When the IRS issues a CP40 letter, it means three things:
1. The IRS has assigned collection of your IRS debt to a private debt collector
The IRS is understaffed, and as a result has moved some collection files to private collection agencies. It's chosen your file because it may have found it difficult to locate you or your assets.
There are four private collectors who are licensed to collect IRS debt. CBE Group, Conserve, Pioneer and Performant.
Your CP40 letter should contain the contact information of one of those four companies.
The IRS has a page dedicated to the private collection program and you can learn more about these companies and how the private collection operates.
2. You aren't facing levy or garnishment...at least for now
Private debt collectors who work on IRS collection matters don't have the ability to garnish wages or levy accounts and assets. They also can't issue lien notices. They aren't required to share your financial info with the IRS. My guess is that they do.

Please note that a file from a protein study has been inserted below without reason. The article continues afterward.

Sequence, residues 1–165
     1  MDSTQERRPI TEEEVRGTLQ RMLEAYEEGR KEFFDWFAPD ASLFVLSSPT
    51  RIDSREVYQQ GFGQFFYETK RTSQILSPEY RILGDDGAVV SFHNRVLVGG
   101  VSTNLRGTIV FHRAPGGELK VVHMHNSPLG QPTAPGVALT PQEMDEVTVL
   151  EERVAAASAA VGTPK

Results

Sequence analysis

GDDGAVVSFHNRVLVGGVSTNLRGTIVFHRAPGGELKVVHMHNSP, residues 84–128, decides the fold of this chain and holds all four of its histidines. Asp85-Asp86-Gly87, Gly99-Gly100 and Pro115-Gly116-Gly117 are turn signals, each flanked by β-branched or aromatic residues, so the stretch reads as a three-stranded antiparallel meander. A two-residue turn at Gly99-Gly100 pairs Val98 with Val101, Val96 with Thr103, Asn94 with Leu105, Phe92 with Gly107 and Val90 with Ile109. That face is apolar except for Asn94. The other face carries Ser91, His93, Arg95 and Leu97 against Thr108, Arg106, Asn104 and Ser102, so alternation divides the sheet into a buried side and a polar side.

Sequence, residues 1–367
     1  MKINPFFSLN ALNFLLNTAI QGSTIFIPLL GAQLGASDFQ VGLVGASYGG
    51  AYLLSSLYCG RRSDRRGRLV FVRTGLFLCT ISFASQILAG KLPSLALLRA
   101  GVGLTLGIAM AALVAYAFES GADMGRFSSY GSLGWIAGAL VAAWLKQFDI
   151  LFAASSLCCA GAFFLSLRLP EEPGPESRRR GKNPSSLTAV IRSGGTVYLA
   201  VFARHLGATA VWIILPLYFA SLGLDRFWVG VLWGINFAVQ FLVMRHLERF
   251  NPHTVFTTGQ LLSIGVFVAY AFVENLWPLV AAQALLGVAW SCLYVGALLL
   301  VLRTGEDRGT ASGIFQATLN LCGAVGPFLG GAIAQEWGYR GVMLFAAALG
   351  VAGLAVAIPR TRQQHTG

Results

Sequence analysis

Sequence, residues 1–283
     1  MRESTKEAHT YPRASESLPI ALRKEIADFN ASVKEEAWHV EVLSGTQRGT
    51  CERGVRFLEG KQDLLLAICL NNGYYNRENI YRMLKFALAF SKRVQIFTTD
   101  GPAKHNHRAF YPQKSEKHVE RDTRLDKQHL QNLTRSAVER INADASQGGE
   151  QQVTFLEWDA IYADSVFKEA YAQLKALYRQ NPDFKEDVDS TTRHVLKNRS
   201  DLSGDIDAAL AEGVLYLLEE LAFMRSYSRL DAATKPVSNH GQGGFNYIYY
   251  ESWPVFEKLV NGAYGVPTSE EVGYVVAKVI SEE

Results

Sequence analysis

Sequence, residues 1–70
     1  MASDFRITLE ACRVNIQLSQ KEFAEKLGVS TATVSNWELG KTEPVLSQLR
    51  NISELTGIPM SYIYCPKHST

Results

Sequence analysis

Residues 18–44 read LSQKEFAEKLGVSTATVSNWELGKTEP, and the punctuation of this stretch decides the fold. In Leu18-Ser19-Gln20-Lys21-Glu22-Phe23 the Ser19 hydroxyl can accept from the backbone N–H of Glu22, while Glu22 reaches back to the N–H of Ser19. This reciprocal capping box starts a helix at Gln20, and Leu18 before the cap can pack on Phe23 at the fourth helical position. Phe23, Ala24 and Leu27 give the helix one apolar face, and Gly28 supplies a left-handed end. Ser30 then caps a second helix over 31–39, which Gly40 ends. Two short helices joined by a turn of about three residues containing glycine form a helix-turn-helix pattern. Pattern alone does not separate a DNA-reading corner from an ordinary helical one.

Their abilities are limited to requesting payment and proposing payment plans.
If you respond and an arrangement can't be worked out, it's probable the collection file will go back to the IRS collection unit where more serious consequences await.
3. It may make sense to leave your IRS debt matter with the private collector and use the CSED to your advantage
The IRS has 10 years to collect a tax debt. This time-frame and exceptions to it are governed by the CSED Section of the Internal Revenue Manual.
If your debt is "close" to running it's CSED course, the IRS' ability to collect the debt is close to running it's course as well.
If this is the case, it may make sense to try and keep the file with the private collector for as long as possible. Talking to the private collector and being unable to reach an agreement may cause as mentioned... the case to move back to IRS collections.